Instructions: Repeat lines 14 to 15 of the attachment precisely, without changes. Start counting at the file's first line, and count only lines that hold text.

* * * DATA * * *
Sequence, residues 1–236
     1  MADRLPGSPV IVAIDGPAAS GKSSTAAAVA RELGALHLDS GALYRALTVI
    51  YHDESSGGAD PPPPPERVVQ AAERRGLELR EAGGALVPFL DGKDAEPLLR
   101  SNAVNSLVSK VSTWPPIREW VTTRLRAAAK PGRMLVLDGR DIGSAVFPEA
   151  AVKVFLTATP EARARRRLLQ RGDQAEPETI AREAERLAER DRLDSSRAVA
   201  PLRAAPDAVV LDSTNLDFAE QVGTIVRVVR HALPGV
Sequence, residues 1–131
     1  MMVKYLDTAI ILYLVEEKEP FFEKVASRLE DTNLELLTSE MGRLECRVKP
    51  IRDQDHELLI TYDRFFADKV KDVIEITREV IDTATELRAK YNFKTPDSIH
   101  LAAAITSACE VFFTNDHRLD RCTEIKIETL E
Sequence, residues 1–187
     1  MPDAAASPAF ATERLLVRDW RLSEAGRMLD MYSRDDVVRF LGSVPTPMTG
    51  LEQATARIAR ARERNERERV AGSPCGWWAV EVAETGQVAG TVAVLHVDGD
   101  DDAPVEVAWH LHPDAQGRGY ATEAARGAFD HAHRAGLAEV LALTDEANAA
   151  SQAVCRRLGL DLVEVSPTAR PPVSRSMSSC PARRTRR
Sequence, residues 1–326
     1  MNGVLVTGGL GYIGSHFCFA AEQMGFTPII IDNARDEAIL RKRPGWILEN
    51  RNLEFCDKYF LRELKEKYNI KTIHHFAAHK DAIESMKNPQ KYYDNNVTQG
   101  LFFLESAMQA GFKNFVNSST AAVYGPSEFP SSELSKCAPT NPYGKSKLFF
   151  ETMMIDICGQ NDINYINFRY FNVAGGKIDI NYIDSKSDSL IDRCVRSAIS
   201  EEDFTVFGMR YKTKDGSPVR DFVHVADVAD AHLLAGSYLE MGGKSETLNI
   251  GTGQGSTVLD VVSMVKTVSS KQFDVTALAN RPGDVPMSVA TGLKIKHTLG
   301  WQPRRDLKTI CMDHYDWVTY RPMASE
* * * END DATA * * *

   101  DDAPVEVAWH LHPDAQGRGY ATEAARGAFD HAHRAGLAEV LALTDEANAA
   151  SQAVCRRLGL DLVEVSPTAR PPVSRSMSSC PARRTRR